Ang Mo Kio could lead way to car-lite society: PM Lee Hsien Loong

PM Lee, LTA chief executive Chew Men Leong (far right) and Dr Koh Poh Koon (behind, partially hidden), an MP for Ang Mo Kio GRC, taking a ride on the 4km-long cycling path that loops around Ang Mo Kio Avenues 1, 3 and 8. Cycling paths are painted red
PM Lee, LTA chief executive Chew Men Leong (far right) and Dr Koh Poh Koon (behind, partially hidden), an MP for Ang Mo Kio GRC, taking a ride on the 4km-long cycling path that loops around Ang Mo Kio Avenues 1, 3 and 8. Cycling paths are painted red to better set them apart from footpaths.ST PHOTO: LIM YAOHUI

It is being transformed into a model walking and cycling town; roads to cede more space to cyclists

The ongoing transformation of Ang Mo Kio into a model walking and cycling town could pave the way for the rest of Singapore in the drive towards a car-lite society.

Prime Minister Lee Hsien Loong said this yesterday, after marking the completion of the project's first phase, which includes a new 4km biking route, cycle ramps with slow- down rumble strips, and road markings so motorists can better watch out for cyclists and pedestrians.

Cycling paths are also painted red to better set them apart from footpaths, and this is one of several unique features in Ang Mo Kio, with plans afoot for roads to cede more space to cyclists.

Said Mr Lee, who took a bike ride on the new 4km path which loops around Avenues 1, 3 and 8: "I think this is going to be a success and we will do this in other towns as well, so that we can encourage people to ride more on bicycles, need cars less and also save money, and become healthier."

While the full transformation of Ang Mo Kio will take another three years, the Land Transport Authority (LTA) told The Sunday Times that Tampines has been earmarked as the next walking and cycling town.

 

During the event at Teck Ghee Community Club, PM Lee, who is an MP for Ang Mo Kio GRC, also announced the start of work on the first 60km of a 150km green corridor called the Round Island Route.

This will add to the over 300km- long Park Connector Network, enhancing connectivity and creating more recreational space. The first leg, the Coastal Adventure Corridor, will link Lower Seletar Reservoir Park with Gardens by the Bay, passing along the coasts of Punggol, Pasir Ris, Changi and East Coast Park.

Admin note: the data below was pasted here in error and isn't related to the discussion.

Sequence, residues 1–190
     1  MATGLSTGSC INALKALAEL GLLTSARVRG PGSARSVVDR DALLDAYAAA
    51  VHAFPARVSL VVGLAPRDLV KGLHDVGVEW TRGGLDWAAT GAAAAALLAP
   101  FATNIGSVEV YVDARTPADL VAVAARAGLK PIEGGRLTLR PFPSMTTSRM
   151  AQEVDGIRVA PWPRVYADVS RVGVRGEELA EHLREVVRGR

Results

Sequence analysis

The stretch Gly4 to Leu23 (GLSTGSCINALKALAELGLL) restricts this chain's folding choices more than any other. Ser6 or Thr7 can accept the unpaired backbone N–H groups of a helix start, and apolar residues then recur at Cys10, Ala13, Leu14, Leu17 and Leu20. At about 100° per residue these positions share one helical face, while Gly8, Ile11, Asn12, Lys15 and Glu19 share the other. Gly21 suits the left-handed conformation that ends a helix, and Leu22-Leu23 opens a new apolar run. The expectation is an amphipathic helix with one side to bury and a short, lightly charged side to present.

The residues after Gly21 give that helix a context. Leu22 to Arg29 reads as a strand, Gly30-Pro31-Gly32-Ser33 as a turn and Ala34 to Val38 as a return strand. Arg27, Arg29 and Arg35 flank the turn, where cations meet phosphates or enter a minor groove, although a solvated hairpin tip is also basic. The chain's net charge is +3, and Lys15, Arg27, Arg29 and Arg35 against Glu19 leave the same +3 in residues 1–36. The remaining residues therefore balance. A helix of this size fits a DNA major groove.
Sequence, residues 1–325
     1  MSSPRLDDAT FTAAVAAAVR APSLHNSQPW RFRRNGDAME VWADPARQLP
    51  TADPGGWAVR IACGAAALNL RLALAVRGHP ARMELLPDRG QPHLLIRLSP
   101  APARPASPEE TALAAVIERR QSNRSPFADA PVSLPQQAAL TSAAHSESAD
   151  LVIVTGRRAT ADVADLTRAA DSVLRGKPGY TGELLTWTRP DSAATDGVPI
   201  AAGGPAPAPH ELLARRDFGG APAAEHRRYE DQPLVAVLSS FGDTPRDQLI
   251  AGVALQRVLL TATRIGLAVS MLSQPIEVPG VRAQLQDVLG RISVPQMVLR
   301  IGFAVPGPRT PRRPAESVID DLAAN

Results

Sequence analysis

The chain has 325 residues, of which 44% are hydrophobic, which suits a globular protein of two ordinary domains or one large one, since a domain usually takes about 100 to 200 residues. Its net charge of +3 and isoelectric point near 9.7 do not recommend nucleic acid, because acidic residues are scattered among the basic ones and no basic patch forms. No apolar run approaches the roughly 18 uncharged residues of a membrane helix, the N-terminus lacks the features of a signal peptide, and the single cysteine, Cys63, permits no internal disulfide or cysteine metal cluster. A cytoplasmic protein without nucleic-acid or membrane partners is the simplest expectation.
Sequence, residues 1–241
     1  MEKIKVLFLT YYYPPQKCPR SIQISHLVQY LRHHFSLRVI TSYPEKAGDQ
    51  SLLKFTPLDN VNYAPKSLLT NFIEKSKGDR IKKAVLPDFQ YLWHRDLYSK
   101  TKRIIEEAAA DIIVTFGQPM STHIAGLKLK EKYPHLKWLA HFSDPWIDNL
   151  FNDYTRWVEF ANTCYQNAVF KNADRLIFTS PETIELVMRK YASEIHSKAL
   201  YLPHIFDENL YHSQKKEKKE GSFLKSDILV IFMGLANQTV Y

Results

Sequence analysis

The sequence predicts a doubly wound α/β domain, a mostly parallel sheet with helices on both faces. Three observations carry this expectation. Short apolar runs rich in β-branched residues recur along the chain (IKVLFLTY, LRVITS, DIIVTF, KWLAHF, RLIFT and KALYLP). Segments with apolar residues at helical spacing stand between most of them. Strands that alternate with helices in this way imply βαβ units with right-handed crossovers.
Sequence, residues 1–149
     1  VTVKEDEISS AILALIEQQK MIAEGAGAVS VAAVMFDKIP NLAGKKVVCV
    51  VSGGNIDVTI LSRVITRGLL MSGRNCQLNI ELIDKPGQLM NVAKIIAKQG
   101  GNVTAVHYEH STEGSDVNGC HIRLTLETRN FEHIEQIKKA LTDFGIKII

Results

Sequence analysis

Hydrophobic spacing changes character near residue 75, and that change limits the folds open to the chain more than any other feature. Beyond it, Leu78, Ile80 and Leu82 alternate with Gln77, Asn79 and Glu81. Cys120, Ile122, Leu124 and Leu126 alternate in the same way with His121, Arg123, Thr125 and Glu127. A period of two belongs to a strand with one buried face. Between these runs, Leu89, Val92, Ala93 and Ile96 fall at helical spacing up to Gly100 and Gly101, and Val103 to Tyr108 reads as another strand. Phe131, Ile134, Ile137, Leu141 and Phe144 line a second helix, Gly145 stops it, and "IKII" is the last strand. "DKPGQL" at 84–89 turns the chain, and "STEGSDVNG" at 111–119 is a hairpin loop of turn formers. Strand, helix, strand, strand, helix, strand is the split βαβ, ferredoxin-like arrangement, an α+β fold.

In Singapore, cycling accounts for just 1.5 per cent of all commutes but the plan is to increase this to between 3 and 4.5 per cent in the next five to 10 years. A raft of measures to encourage people to cycle have been announced, including a proposed bike-sharing pilot, and more bike-parking at MRT stations. The North-South Corridor - a 21.5km expressway that will connect towns in the north to the city and to be completed around 2026 - will also have a cycling trunk route.

Two years ago, Ang Mo Kio was identified as a car-lite test-bed.

A key feature is a 2.6km walking and cycling corridor that will link Yio Chu Kang MRT station to the Bishan-Ang Mo Kio Park, making use of space under the MRT viaduct. The first kilometre of this corridor - from the park to Ang Mo Kio MRT station - has been completed as part of the $7 million Phase 1, with the remaining 1.6km to be built in Phase 2. Construction is expected to start next year, during which another 16km of cycling paths will also be added, making Ang Mo Kio the town with the longest cycling network.

Mr Lee said: "Even in a busy neighbourhood, we can carve out a little bit of space; underneath the MRT viaduct, now we have a sheltered walking and cycling path."

Phase 1 has also seen the introduction of marked zones to better separate pedestrians and cyclists at areas such as bus stops. A slip road located at the junction of Ang Mo Kio Avenues 1 and 3 was removed to offer more space and increase safety for pedestrians and cyclists. There are plans in Phase 2 to also narrow the road along Street 44.

LTA's director for active mobility and policy Tan Shin Gee, said: "In Singapore, where it is so built-up, the reality is that if you want to give space to one group of users, there is a trade-off" on another segment.

Ms Amy Ong, a retiree in her 50s, appreciates the new cycling path under the viaduct. "Before, there were many potholes and at some stretches we had to carry our bikes and use stairs. These have been replaced with slopes with a gentle gradient."

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A version of this article appeared in the print edition of The Sunday Times on July 10, 2016, with the headline 'AMK could lead way to car-lite society: PM'. Print Edition | Subscribe